- Can not ride on sidewalks or regular bike paths unless under human power. In most cases
- No passengers allowed except a single driver on the electric scooter
- Motorized scooter riders can’t ride over 15 miles an hour on the road.
Senior citizens or disabled people can drive mobility scooters up to 30 miles per hour on the road. These are similar to those battery-powered models (But seated units with shopping baskets are used) at grocery stores for the benefit of disabled people.
Are There Separate Laws for Driving a Moped in California?
Yes, there are separate laws for driving a moped in California. In California, mopeds are classified as motorized bicycles and are subject to specific regulations outlined in the California Vehicle Code (CVC). Here are some key points regarding the laws for driving a moped in California:
- Definition of a Moped: According to the CVC, a moped is defined as a motorized bicycle with the following characteristics:
- Two or three wheels
- Fully operative pedals for human propulsion
- A motor not exceeding two horsepower (or 1,500 watts) and capable of propelling the vehicle no faster than 30 miles per hour on a level surface.
- Driver’s License Requirement: To legally drive moped, moped riders need a motorcycle license (M1 or M2), their moped is registered with the DMV, and the relevant license plates. Upon registration, they will receive a moped ID card that they must always keep on them.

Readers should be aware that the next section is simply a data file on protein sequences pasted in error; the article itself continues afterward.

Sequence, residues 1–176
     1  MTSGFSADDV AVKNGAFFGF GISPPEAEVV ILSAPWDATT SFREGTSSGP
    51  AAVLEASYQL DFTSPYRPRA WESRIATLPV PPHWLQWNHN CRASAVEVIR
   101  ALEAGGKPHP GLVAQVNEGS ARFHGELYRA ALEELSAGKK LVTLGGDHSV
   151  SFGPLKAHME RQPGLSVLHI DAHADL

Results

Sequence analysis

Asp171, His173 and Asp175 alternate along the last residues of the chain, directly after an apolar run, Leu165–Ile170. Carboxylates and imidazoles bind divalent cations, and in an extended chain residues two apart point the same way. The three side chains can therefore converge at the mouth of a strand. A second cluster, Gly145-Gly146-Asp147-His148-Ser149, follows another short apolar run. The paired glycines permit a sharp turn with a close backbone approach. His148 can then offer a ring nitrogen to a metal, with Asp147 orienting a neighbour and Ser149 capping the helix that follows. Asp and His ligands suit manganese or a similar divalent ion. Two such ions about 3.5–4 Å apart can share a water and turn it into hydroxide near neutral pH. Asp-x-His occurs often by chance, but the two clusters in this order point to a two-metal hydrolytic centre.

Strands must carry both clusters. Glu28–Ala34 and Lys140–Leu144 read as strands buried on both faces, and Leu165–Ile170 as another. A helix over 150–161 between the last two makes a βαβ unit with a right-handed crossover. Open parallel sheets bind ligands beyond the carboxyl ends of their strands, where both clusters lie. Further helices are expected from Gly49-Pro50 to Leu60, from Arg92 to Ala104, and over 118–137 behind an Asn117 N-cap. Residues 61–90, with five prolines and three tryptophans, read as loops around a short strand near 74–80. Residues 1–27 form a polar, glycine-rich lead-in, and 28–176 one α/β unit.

- Registration and Insurance: Mopeds in California must be registered with the Department of Motor Vehicles (DMV), and you will receive a license plate and registration card. Additionally, mopeds are required to have liability insurance coverage.
- Equipment Requirements: Mopeds must be equipped with the following:
- Operable pedals
- A rearview mirror
- A horn
- Working brakes
- A white headlight visible from the front
- A red reflector on the rear is visible from a distance of 500 feet
- Adequate muffler and exhaust system to prevent excessive noise.
- Riding Rules: When operating a moped in California, you must follow specific rules:
- Ride as close as practicable to the right-hand curb or edge of the roadway, except when passing, preparing for a left turn, or avoiding hazards.
- Observe all traffic laws and signals applicable to bicycles.
- Do not carry passengers unless the moped is designed for passengers.
- Do not ride on sidewalks.
It’s important to note that these laws and requirements may change over time, so it’s advisable to consult the most up-to-date information from the California DMV or seek legal advice to ensure compliance with the current regulations.